Gaining weight sounds easy -- just eat more food, and the pounds pile on -- but gaining can be difficult for people with a high metabolism or illness. The fastest you should try to gain weight is at a pace of 1/2 to 1 pound per week; rapid weight gain will make you gain too much body fat, which carries its own health problems. Being sedentary as you gain weight also means you'll add a preponderance of fat, so it's a good idea to lift weights to add muscle, if your energy level and health allows it.
Gaining Weight Expediently
You'll need to eat more calories to gain weight, but not thousands of extra calories per day. A simple surplus of 250 to 500 calories daily over and above what you need to maintain your weight helps you add pounds gradually and healthfully. A pound equals 3,500 calories, so this daily addition means you'll put on 1/2 to 1 pound per week. If you have a high metabolism, you may need to consume 3,000 to 4,000 calories per day.
An online calculator is the easiest way to estimate your calorie intake needs for maintenance. Add the 250 to 500 calories to that number for a calorie intake to start with for the first few weeks. If weight gain is slower than 1/2 pound per week, add another 100 to 200 calories daily until you reach a number that yields results.
You want your body to build quality tissue from those added calories. Weight training -- along with the calorie surplus -- helps you pack on muscle to help you work and feel better every day. Muscle is especially valuable if you're adding pounds for sports performance. Appropriate weight training helps anyone looking to get healthy, though, by making you strong enough to climb stairs, carry groceries and walk around your neighborhood.
Make Higher Calorie Choices
The easiest way to make meals count for weight gain is to choose higher calorie foods. Opt for starchy vegetables -- such as sweet potatoes or winter squash -- over steamed, watery veggies. Order a chunky, creamy soup instead of a broth-based vegetable or chicken noodle. Pour a bowl of granola instead of flaked cereal for a higher calorie breakfast or snack. Eat thick, hearty slices of breads such as whole wheat or pumpernickel with peanut butter. Canned beans, rotisserie chicken and fish canned in olive oil are easy calorie-dense protein options that aren't too high in saturated fat.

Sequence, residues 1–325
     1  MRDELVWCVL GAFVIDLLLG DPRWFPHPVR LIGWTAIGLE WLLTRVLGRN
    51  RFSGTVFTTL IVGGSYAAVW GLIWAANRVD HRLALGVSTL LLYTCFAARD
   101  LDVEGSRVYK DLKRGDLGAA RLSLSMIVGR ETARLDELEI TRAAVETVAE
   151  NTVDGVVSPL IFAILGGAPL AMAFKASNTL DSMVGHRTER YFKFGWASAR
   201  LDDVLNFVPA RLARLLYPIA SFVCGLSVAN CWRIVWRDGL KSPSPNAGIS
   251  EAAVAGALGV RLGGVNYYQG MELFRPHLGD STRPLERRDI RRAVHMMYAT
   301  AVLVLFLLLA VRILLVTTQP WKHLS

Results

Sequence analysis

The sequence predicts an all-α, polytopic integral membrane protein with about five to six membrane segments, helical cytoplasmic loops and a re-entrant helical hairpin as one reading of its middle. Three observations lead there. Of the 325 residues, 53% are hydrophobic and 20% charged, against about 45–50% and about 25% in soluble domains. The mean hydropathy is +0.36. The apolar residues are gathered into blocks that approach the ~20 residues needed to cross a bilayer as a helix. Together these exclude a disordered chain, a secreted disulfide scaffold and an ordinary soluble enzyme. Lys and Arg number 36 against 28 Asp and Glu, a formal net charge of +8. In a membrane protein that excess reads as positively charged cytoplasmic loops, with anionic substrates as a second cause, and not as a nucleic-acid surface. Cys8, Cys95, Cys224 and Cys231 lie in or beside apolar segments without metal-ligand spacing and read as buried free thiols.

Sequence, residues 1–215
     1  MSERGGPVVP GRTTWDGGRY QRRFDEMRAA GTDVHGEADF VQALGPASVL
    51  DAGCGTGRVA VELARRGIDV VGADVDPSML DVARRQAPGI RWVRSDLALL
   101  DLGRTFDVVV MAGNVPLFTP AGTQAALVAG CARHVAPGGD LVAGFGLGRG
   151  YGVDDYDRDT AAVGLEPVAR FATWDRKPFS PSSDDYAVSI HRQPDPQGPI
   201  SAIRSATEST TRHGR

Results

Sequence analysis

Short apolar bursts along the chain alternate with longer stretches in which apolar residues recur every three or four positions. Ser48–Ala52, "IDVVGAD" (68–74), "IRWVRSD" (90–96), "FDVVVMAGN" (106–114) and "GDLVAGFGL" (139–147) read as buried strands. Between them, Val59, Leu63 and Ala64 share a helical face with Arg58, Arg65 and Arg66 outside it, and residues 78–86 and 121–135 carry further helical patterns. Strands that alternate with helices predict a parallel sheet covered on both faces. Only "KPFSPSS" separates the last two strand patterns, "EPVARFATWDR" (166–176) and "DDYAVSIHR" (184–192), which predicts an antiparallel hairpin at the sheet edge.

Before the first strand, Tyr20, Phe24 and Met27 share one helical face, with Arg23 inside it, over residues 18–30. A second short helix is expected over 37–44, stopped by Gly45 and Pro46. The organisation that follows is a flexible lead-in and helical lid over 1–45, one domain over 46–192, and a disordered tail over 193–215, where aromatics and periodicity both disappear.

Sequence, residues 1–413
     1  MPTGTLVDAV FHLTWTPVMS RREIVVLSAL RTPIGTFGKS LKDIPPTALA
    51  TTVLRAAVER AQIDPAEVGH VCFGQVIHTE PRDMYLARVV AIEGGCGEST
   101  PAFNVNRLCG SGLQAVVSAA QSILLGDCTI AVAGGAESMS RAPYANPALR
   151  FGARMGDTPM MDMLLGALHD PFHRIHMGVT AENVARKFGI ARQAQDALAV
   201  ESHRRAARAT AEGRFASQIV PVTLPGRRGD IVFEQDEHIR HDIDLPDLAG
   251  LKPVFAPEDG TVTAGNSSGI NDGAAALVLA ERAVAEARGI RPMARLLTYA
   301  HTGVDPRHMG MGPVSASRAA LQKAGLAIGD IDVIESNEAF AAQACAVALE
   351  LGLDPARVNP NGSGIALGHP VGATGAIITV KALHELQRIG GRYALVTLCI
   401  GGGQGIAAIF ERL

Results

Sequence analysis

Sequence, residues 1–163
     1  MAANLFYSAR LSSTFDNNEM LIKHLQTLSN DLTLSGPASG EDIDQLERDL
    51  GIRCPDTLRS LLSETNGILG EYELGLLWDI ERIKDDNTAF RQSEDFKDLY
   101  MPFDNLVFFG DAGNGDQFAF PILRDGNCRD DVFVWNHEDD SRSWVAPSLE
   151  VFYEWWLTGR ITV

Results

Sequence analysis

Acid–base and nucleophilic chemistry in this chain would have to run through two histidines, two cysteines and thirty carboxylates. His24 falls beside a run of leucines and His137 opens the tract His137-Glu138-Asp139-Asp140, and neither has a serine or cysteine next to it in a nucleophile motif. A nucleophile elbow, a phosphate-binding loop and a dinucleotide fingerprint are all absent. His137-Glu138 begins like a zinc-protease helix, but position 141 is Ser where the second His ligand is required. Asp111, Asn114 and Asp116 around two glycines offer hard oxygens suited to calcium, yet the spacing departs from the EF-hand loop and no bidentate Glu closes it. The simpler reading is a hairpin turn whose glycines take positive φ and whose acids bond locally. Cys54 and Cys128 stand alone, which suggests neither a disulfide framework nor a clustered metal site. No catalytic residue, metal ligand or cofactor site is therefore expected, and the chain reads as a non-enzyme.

Easy Calorie Additions to Gain Weight
You don't have to create complex recipes to gain weight. Add calories to foods you already eat using unsaturated fats, dried milk powder and cheese. Sprinkle cheddar cheese over scrambled eggs, stir dried milk powder into hot cereal, top toast and bananas with peanut butter, sprinkle sunflower seeds over salad, or toss whole-wheat pasta in olive oil before adding sauce.
Drink a glass of milk at each meal -- full fat is fine -- for an additional 450 calories per day. Mix up a high-calorie smoothie twice per day using a banana, pineapple, canned and unsweetened coconut milk, honey, almond milk and strawberries for a quick and tasty between-meal calorie boost. Pack a baggie full of cashews and graze on it all day for an extra 748 calories, or make it raisins for 493 calories.
Make Weight Workouts Easy
When you go to the gym to weight train, don't overthink your routine. Simply lift heavy things and stick to basic exercises, like squats, chest presses and rows. A set of four to eight repetitions of a move for every muscle group suffices; you have the option to add more sets as you feel stronger. Plan on at least two workouts per week -- three or four times for more dramatic results. Leave at least 48 hours between specific muscle groups worked.
If you're energy is compromised and using heavy weights is overwhelming, do exercises using your body weight or rubber tubing to strengthen your muscles.